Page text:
Round 4: *2 dc in first dc, 1 dc each in next 2 dc* repeat from * to * until end (40 dc)
Round 5: *2 dc in first dc, 1 dc each in next 3 dc* repeat from * to * until end (50 dc)
Rounds 6-12: 1 dc in each dc (50 dc)

Do not bind off after round 12!

Earflaps

Row 1: Turn, ch3 (does not count as first dc, here and throughout earflap), dc 7, turn
Row 2: ch3, dc 7, turn
Row 3: ch3, dc2tog, dc3, dc2tog, turn
Row 4: ch3, dc2tog, dc1, dc2tog, turn
Row 5: 
ch3, dc3, bind off

Count 20. join at 21st and repeat earflap pattern. (I would do row 1 of the second earflap, and then make sure it lines up to your own ears. This is what worked for me!)

Belt

**For this, I just worked the first row of sc in the 10th row of the hat. Since you’re working sc over dc (worked in the round, no less, so I had to mess around with stitch placement to get them to line up), I wouldn’t suggest this method. I mean, it looks fine, but it’ll be much easier to sc a black strip, and just whipstitch or sew it to attach. So, I will give the instructions for a black band.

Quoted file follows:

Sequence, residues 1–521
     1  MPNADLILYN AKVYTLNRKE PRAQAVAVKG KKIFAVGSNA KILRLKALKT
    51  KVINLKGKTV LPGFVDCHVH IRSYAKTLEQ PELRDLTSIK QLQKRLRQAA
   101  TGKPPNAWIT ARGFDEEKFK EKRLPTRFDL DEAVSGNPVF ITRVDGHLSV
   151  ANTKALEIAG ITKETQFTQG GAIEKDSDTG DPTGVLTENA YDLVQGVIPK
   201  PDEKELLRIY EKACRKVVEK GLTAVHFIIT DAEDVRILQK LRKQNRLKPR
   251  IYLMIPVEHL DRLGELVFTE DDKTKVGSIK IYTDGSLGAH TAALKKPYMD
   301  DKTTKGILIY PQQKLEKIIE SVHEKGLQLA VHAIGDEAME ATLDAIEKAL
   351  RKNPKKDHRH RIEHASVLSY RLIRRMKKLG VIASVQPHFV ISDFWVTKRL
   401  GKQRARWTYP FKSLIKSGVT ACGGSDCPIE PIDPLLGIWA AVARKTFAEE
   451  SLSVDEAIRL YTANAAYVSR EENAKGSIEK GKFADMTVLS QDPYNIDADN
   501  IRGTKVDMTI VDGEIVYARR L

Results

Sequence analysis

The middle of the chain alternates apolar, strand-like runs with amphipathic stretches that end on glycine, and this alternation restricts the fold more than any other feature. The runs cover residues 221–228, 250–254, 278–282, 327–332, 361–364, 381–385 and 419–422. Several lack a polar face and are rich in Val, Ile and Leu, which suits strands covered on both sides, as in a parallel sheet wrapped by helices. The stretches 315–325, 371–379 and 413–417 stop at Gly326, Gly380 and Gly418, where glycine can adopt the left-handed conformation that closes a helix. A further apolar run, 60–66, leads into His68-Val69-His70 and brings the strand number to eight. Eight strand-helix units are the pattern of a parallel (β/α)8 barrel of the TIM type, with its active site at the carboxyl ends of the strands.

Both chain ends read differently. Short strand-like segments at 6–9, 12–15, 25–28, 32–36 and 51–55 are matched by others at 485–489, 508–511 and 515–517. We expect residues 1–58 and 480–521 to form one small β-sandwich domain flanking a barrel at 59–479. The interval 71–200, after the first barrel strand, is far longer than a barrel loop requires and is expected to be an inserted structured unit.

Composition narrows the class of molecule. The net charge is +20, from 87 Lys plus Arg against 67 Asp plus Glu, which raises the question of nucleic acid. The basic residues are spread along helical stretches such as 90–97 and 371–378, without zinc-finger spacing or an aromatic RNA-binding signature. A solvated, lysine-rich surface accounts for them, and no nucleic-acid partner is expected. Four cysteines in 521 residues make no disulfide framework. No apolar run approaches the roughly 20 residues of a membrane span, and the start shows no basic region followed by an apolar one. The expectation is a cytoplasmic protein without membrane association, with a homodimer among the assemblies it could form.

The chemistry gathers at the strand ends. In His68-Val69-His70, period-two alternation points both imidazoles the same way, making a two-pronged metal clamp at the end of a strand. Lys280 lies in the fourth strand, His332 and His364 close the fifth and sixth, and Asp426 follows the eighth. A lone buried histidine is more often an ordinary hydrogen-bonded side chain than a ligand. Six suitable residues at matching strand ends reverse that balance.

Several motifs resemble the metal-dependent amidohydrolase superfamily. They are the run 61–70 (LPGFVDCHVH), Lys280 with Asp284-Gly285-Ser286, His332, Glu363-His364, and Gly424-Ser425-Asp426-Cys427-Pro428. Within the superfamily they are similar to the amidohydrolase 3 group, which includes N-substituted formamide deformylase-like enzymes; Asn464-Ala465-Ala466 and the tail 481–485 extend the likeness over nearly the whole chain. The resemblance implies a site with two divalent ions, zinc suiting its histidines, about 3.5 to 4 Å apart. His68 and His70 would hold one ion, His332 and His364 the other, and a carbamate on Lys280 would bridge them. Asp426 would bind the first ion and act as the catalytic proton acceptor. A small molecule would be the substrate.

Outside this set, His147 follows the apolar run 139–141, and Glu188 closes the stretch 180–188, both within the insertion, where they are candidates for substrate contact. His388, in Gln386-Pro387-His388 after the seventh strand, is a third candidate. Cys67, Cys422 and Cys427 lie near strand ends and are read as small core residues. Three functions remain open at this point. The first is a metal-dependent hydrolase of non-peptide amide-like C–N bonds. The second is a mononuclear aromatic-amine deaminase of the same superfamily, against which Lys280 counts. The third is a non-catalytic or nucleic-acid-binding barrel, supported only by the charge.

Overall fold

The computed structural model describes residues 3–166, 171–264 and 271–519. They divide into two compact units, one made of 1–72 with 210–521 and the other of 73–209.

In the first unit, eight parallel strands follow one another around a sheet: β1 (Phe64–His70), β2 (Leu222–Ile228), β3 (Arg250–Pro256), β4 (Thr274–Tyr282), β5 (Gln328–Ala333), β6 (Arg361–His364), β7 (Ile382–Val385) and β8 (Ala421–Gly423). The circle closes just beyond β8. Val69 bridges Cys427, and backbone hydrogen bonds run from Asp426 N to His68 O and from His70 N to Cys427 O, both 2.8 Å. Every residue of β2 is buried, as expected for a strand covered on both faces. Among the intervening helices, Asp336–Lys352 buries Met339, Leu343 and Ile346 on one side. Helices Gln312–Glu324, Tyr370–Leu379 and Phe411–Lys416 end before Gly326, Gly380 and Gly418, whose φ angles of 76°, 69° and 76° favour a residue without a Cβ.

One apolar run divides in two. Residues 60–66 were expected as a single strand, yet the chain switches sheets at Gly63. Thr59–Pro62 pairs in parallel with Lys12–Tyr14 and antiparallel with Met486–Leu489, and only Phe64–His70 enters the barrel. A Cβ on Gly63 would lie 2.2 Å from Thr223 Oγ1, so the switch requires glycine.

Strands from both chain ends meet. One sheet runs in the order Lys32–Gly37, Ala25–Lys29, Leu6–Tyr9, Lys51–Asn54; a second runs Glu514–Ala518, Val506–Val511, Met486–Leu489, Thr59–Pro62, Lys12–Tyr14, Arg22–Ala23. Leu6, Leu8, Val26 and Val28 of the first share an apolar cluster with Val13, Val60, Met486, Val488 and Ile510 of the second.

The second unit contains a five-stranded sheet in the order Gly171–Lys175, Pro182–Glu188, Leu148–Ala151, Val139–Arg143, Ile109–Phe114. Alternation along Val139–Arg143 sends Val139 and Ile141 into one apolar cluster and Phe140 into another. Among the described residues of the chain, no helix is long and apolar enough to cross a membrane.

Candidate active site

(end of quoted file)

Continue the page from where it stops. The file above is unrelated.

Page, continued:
Chain 51, turn
Row 1: sc in 2nd ch from hook, sc to end, ch1, turn (50sc)
Row 2: sc in each sc, ch1, turn (50sc)
Repeat row 2 three more times. Attach around hat (mine wound up spanning rows 8-10 of the hat)

Buckle

All you have to do here is surface slip stitch in a vaguely squareish/rectangular shape. Just make sure the top and bottom parts of the buckle are on the red part of the hat, and that the buckle is centered in the front of your head. My buckle was 5 stitches on the top and bottom, and 6 stitches on each side.

Here is a video on how to surface slip stitch: slip stitch surface: http://youtu.be/EJ8FI5PJfvk

Edging

With a fur yarn (I don’t know of any other than Lion Brand Fun Fur), sc all round the hat.

Pom Pom

I used the wrap method, and used width of DVD case and wrapped ~60-70 times. This turned out WAY TOO BIG and lead to 45 minutes of trimming and 15 minutes of vacuuming all the bits. I attached it  just by tying a knot on inside of hat.

This project on Ravelry

National Craft Month Intro & Set-Up

As some crafters may know, March is National Craft Month. I’ve been thinking about it for a few weeks, how I wanted to do something to “celebrate,” but was drawing a blank. Then it hit me – maybe I should unbox the sewing machine I purchased last summer for the first time, and actually use it!

Every week this month, I’m going to write a post about the projects I’m doing with my sewing machine. I am an absolute beginner – that is to say, I haven’t used a sewing machine regularly since home economics class in middle school. I’m very excited to start sewing, and hopefully get to the point I am at with crochet where I can pick up almost anything in the store and say, “I can do that!”